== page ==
The Ministry of Public Health (MoPH) has dismissed allegations that a six-year-old child died from ingesting drugs developed to fight off the filaria virus.
Princess Kissoon of D Field Sophia, Georgetown died on October 27, two days after she consumed half of one of the filaria pills being distributed on a mass countrywide campaign against the disease.
The Ministry in a statement Tuesday extended its sincerest condolence to the family of the late Kissoon who passed away at Georgetown Public Hospital.
However, the Ministry contended that the drugs could not have caused the child’s death.
“The Post Mortem examination performed by Pathologist Dr. Nancy Olario on October 29 does not point to any linkage between the ingestion of the tablet and the Kissoon child’s death,” the statement read.
The autopsy, according to the child’s father Ray Kissoon, said the cause of death was inconclusive and the family is trying to raise funds to conduct a second autopsy at a private institution.
Hpwever, the Ministry in its statement asserted that the drugs being administered are safe.
Little Princess had suffered a high fever two days after she ingested the drug and she died shortly after her father rushed her to the Hospital.
Her family is blaming the public health workers for her death, contending that the pills may have negatively affected the young child.
The family called for health workers involved in the campaign to be better trained to guide families on the usage and side effects of the treatment.
Meanwhile, the Ministry explained that the Global Programme to Eliminate Lymphatic Filariasis began in 2001 in Guyana.
Since the year 2008, six regions have benefitted from the Mass Distribution of the tablets Diethylcarbamazine (DEC) 100mg and Albendazole 400mg at predefined doses.
In 2016, 277,612 persons from Regions 3, 4, 5 and 10 received the drugs via directly observed therapy (DOT). Prior to this initiative, thousands of Guyanese received Diethylcarbamazine in DEC salt.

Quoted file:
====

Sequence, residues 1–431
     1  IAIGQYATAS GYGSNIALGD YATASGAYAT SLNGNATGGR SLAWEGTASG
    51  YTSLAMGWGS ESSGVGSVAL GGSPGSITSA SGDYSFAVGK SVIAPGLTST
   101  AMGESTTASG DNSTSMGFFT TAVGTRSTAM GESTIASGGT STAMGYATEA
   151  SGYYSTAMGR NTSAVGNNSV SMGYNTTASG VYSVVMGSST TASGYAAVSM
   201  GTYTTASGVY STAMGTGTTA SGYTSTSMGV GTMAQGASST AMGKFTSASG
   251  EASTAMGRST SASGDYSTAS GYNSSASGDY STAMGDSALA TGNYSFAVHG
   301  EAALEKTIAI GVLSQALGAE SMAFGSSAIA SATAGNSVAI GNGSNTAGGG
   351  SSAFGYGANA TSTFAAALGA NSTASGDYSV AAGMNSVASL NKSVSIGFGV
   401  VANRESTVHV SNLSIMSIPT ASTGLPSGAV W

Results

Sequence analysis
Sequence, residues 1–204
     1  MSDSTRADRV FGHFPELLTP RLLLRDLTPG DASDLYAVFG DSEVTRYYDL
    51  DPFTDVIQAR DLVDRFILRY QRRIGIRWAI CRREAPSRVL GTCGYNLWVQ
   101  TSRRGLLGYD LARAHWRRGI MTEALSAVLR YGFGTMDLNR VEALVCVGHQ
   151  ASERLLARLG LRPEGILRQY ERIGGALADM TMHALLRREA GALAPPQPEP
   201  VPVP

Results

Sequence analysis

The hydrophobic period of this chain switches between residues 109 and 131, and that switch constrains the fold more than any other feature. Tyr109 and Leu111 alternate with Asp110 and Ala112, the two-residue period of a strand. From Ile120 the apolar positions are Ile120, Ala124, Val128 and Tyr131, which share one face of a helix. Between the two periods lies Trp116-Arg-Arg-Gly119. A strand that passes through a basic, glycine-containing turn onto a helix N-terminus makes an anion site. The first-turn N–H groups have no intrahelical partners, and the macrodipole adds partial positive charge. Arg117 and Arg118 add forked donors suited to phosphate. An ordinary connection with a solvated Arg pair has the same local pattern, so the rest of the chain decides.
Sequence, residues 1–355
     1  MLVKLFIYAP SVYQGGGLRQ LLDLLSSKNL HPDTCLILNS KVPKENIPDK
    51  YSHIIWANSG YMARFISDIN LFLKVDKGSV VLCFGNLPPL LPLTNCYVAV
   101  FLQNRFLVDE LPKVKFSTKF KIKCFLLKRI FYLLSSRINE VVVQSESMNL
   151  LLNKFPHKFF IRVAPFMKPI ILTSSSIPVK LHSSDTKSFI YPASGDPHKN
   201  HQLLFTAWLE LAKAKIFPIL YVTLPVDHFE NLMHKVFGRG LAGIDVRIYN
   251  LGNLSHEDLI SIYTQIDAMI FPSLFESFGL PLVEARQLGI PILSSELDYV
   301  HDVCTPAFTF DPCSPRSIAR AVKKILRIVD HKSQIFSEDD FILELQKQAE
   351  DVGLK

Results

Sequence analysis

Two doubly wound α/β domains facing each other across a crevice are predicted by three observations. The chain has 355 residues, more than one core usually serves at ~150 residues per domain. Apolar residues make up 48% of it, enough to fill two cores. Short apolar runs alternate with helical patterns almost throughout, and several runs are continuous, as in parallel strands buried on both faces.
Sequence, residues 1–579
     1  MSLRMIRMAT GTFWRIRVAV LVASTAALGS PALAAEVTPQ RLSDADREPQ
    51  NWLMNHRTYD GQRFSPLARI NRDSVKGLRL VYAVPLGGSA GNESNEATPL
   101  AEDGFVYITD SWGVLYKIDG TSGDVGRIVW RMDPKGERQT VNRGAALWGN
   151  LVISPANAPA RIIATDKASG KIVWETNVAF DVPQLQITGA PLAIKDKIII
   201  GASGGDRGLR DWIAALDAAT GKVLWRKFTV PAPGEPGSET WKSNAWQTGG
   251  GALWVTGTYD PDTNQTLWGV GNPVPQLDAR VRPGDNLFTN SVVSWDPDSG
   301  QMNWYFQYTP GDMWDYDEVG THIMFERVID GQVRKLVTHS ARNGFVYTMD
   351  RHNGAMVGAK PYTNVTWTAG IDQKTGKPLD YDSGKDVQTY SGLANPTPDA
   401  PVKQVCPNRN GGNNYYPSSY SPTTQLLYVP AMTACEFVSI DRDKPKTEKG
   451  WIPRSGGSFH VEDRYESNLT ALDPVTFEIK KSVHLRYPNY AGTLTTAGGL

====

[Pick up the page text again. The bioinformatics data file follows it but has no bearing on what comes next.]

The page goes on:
The medicines being distributed are donations from the World Health Organization (WHO) through their regional office – the Pan American Health Organization.
The Ministry explained that the donation process begins with the exchange of documents which include a certificate of good manufacturing practice (issued by the Ministry of Health in the country where the tablets are manufactured), a certificate of analysis of the tablet which assures product quality assurance and an information leaflet on the tablet which details its indications, considerations and precautions, dosage and side effects.
The Ministry explained that the documents are first perused by the Permanent Secretary and Chief Medical Officer of the Ministry of Public Health before the drugs are approved for shipment.
The Ministry further noted that the adverse effects of the drugs are uncommon and occur mostly in patients who have a significant worm burden.
Adverse effects subside within 24 hours and any person who experiences these adverse effects beyond this time should seek medical attention, the Ministry stated.
It boasted that in the nine years of tablet distribution in the country, there have been no serious adverse events that have led to hospitalization, disability or death.
The Ministry said it will continue to provide the treatment in an ongoing effort to protect the public from the chronic, debilitation caused by filariasis.